One of the reasons batch processing has been prevalent is that it is easy to confirm the number of records in the batch and reconcile with records received. This has not been the case with real-time streaming data.

Messaging systems typically rely on a set of semantics that determine the integrity level of the exchange. These are often designated At Most One, At Least Once, and Exactly-Once. Let’s take a closer look.

At Most Once

Using At Most Once semantics, a message will be passed from the initiating to the receiving cluster only once. Those messages may or may not arrive, but they will not be sent again. This approach limits bandwidth and retry exposure, but leaves room for missing data.

At Least Once

The next approach is At Least Once where messages will continue to be passed until receipt is confirmed. While these semantics ensure each record is received, the tradeoff is that there are likely to be duplicates requiring cleanup after the fact.


Another option is Exactly-Once which is more challenging to implement, but provides a richer, more robust mechanism to track streaming data and ensure records are received only once. This fits well with enterprise data flows that require this level of integrity and consistency like customer orders as one example.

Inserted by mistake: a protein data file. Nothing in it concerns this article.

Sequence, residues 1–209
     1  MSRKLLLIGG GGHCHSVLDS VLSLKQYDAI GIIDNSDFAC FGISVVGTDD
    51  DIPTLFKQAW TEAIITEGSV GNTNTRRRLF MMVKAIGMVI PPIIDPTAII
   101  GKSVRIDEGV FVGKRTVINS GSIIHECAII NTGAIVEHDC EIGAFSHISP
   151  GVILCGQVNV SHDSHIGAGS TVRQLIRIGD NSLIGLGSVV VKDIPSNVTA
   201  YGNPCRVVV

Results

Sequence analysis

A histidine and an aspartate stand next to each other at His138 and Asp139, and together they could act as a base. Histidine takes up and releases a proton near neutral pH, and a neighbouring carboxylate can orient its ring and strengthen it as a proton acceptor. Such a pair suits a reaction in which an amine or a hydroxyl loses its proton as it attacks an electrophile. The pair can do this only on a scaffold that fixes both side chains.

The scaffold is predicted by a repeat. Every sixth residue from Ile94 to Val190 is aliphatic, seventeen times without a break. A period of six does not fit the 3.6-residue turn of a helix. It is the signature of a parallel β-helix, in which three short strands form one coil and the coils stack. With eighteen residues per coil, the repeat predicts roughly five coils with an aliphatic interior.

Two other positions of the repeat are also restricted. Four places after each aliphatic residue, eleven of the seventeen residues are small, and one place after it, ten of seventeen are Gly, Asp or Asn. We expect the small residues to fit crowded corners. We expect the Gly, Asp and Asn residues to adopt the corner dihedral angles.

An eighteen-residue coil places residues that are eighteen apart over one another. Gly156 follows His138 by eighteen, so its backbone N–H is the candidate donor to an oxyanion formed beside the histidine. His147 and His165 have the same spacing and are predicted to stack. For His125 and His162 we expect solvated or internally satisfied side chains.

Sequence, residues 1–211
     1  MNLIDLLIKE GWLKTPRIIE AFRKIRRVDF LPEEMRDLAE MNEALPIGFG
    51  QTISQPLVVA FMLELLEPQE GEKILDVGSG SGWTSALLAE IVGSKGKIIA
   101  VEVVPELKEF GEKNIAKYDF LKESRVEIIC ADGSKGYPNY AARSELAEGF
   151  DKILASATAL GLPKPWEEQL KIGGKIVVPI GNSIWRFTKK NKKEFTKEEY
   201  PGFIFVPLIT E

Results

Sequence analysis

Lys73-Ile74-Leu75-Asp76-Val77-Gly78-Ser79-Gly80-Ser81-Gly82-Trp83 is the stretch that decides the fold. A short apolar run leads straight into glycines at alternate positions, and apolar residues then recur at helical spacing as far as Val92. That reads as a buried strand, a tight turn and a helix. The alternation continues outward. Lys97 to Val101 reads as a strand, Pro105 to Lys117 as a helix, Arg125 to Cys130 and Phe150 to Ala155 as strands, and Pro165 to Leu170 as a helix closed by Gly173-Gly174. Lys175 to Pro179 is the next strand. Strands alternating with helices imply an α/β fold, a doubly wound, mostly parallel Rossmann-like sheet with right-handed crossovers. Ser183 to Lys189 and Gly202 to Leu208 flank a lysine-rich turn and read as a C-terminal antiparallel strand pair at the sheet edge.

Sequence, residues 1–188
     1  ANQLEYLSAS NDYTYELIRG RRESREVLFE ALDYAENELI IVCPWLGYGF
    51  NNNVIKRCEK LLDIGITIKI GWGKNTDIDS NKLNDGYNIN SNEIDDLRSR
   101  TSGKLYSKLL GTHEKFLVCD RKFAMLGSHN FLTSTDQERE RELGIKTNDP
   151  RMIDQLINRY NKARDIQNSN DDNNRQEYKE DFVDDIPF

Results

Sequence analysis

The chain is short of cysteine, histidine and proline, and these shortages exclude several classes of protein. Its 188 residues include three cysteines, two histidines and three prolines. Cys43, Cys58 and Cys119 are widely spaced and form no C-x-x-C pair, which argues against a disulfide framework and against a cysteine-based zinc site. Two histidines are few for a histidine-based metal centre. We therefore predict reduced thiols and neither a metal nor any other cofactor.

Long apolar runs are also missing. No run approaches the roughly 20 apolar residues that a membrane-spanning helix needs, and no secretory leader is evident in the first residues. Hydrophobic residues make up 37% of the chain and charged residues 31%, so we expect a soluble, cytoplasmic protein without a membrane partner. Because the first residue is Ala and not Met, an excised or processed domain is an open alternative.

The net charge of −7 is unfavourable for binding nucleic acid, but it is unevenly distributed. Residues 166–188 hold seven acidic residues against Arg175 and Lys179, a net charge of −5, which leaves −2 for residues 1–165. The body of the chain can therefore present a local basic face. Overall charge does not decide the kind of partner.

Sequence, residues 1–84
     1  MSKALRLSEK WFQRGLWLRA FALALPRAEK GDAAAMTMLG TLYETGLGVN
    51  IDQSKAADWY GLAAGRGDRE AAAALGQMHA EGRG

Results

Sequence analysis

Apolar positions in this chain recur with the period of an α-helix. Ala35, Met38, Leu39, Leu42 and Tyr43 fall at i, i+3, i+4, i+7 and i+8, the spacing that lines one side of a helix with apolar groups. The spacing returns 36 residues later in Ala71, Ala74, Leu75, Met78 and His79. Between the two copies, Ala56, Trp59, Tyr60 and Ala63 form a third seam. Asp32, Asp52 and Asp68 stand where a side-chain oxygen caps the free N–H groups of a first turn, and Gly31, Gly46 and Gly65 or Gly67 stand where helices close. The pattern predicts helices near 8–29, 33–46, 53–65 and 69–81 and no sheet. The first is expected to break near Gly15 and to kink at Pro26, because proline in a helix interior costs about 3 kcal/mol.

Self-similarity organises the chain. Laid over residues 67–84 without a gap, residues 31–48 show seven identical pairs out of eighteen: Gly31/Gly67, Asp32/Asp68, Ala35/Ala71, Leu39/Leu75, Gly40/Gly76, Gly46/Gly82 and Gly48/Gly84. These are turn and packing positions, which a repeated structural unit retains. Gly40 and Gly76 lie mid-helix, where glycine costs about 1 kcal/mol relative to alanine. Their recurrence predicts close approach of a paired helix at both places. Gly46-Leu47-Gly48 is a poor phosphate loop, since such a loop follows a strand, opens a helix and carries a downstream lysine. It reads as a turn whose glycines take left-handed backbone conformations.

The easiest way to implement Exactly-Once is to record the offsets in the same database transaction as you loaded the data which is trivial with the multipoint-to-multipoint “done right” architecture. In this fashion, MemSQL Pipelines delivers Exactly-Once semantics out of the box out of the box.

Comparing Streaming Semantics

All three types of semantics are detailed on the chart below. The Exactly-Once approach delivers guaranteed receipt, no duplicates, and no missing data.

The Future of Data Movement

Just a few years ago point-to-point data movement was the dominant topology and batch ETL was the bane of every database administrators existence.

With the adoption of distributed systems like Apache Kafka, Spark, the Hadoop Distributed File System (HDFS), and distributed databases like MemSQL, a new foundation for data movement is underway.

In addition, the popularity of real-time streaming has only scratched the surface of transforming enterprise batch processes. However, when coupled with more robust messaging semantics, like Exactly-Once, enterprise architects have a new playbook in their toolkit to tackle today’s data challenges.

Special thanks to Joseph Victor and Steven Camina for their contributions and review of this post.

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processing ,etl ,Big Data ,Data movement

Published at DZone with permission of Gary Orenstein, DZone MVB. See the original article here.